Japan Etiquette and Culture

Despite being relatively widely travelled, Japan was more culturally different than we’d anticipated and there’s a significant amount of etiquette involved. If you’re travelling to Japan, hopefully the following may help.

People constantly bow. Do not attempt to shake hands, bow back. The more senior the person, the lower you need to go.

Japan is a nation of mask wearers – the surgical masks protect them from germs in winter and pollen in summer. Taxi drivers even wear them in the cars.

A typical fish dishPeople are friendly and helpful and will approach you if you’re looking lost and go out of their way to give you directions (this can extend to taking you there and with no hassle).

It is a male dominated society. Whilst men work longer hours and go drinking afterwards, women tend to stay at home.

The Japanese all want their photographs taken individually in front of iconic sites and sometimes with you, especially if your hair is blonde or red.

You will eat a lot of miso soup, tofu and raw fish (sushi and sashimi).  

Taking part in a tea ceremonyTea ceremonies are a formal, elegant process and are not to be missed.

Tokyo, has a diverse range of quirky restaurants e.g. Maid Cafes. We tried the Robot Restaurant.

Entrance to the robot restaurantSmoking is still allowed in restaurants and bars.

Credit cards are not as widely accepted as they are in the UK. When they are taken, processing can be basic and require a signature. At the opposite end of the scale, others are taken via a gizmo attached to an i-pad and require a ‘finger signature (it’s also said to record your e-mail address).

Tipping is not required at all – in fact it’s said to cause confusion and embarrassment.

The luggage forwarding system is excellent so you can just carry hand baggage. It can take either 12 or 24 hours to arrive and costs around £12 to £20 per bag depending on distance and time.

Label attached and off the luggage goesTaxis are often old fashioned, black and look as though they came from Russia. Yet all have automatic opening on the left hand side of the car – they do not like you using the right door. The drivers can wear dinner suits and white gloves.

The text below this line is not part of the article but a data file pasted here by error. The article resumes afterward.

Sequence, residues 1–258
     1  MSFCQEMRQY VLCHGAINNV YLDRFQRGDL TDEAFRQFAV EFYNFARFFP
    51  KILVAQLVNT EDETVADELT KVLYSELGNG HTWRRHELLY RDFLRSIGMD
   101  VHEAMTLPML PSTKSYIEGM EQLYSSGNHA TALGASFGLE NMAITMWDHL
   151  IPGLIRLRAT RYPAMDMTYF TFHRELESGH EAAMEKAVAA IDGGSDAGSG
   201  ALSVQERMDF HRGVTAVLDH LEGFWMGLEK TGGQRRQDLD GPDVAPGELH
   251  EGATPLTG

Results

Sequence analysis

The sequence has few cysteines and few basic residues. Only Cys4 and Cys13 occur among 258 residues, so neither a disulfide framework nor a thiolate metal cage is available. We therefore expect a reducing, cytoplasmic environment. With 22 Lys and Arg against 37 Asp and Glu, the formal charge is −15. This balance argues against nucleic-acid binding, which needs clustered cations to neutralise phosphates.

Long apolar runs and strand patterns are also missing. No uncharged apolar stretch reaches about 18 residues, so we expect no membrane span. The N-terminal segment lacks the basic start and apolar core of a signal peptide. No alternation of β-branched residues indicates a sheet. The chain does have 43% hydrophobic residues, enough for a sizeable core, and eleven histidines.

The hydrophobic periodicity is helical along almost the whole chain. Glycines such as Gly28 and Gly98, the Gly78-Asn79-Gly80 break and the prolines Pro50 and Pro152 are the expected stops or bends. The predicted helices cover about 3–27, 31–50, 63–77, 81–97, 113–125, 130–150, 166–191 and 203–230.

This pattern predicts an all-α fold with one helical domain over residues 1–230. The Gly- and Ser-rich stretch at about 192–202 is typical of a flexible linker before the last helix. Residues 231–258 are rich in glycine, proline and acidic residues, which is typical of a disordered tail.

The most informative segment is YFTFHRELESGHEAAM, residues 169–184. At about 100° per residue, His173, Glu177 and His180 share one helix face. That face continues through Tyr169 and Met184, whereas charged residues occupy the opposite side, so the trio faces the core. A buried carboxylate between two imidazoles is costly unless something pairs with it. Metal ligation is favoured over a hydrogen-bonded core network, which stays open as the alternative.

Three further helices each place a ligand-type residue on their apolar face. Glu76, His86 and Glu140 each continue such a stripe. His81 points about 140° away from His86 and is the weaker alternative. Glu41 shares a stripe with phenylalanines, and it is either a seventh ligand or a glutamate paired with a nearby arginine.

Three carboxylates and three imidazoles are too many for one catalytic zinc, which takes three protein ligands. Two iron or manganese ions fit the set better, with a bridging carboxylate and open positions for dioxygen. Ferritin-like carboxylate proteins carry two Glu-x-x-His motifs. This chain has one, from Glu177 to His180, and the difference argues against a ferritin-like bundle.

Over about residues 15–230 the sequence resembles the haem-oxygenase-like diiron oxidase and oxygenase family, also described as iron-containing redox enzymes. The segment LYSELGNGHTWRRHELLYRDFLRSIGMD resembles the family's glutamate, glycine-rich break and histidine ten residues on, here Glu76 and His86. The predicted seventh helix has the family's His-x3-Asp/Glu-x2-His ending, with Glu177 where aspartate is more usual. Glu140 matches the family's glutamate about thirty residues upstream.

The Japanese drive on the left. Standing on escalators depends on which city you’re in as in some expect you to be stationary on the right, others on the left.

J walking is frowned up.

Cyclists often use pavements which usually have yellow raised and dotted line for visually impaired.

Children are either carried or walk: you hardly ever see a buggy.

A traditional ryokan roomRyokans are traditional Japanese houses where you can enjoy a traditional experience including a special dinner, sleeping on futons on tatami mats and enjoying the onsen. There is a lot of etiquette associated with staying in a ryokan which is explained on arrival.

Dressed for the ryokanOnsen are traditional public baths (generally found in Ryokan) and are a way of life. Men and women are segregated as bathing is naked. There’s lot of etiquette surrounding the bathing process.

Toilets vary between squat and western style. They often have heated seats and a range of bottom washing and drying options which can be regulated in terms of water temperature and pressure. Some have sounds, either music or running water, to disguise the noise of your ablutions. In better hotels, seats and lids may open and close automatically. Ironically hand dryers are few and far between as the Japanese all appear to carry small flannels for drying their hands

A private onsenBaths are short but very deep.

It’s hard to find a litter bin in public places as everyone’s encouraged to take rubbish home.  Children are responsible for cleaning their school from an early age.

Vending machines are ubiquitous and on every street corner and railway station. They sell a huge range of both cold and hot drinks (which are shaken to heat).

Vending machines are everywhereGambling is illegal but Pachinko Parlours have a mixture of slot and pinball machines where you win balls which can be exchanged at any time into goods at the parlor’s gift shop. But you can also bypass the law that prohibits gambling by exchanging the balls first into some special goods and then exchanging the special goods for cash at a small window just outside the parlor. In Osaka we saw people queuing to get in at 10am.

It’s acceptable to sniff and the Japanese find handkerchiefs abhorrent.  If a tissue is used, the rule is one blow and throw.

Electric sockets vary enormously and we found our English three pin plug could be used in some places.

Helen has written many reviews about her travels around Japan for Silver Travel Advisor. Simply type ‘Japan’ into the search box at the top of this page to find them.


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Helen Jackson

Traveller & writer

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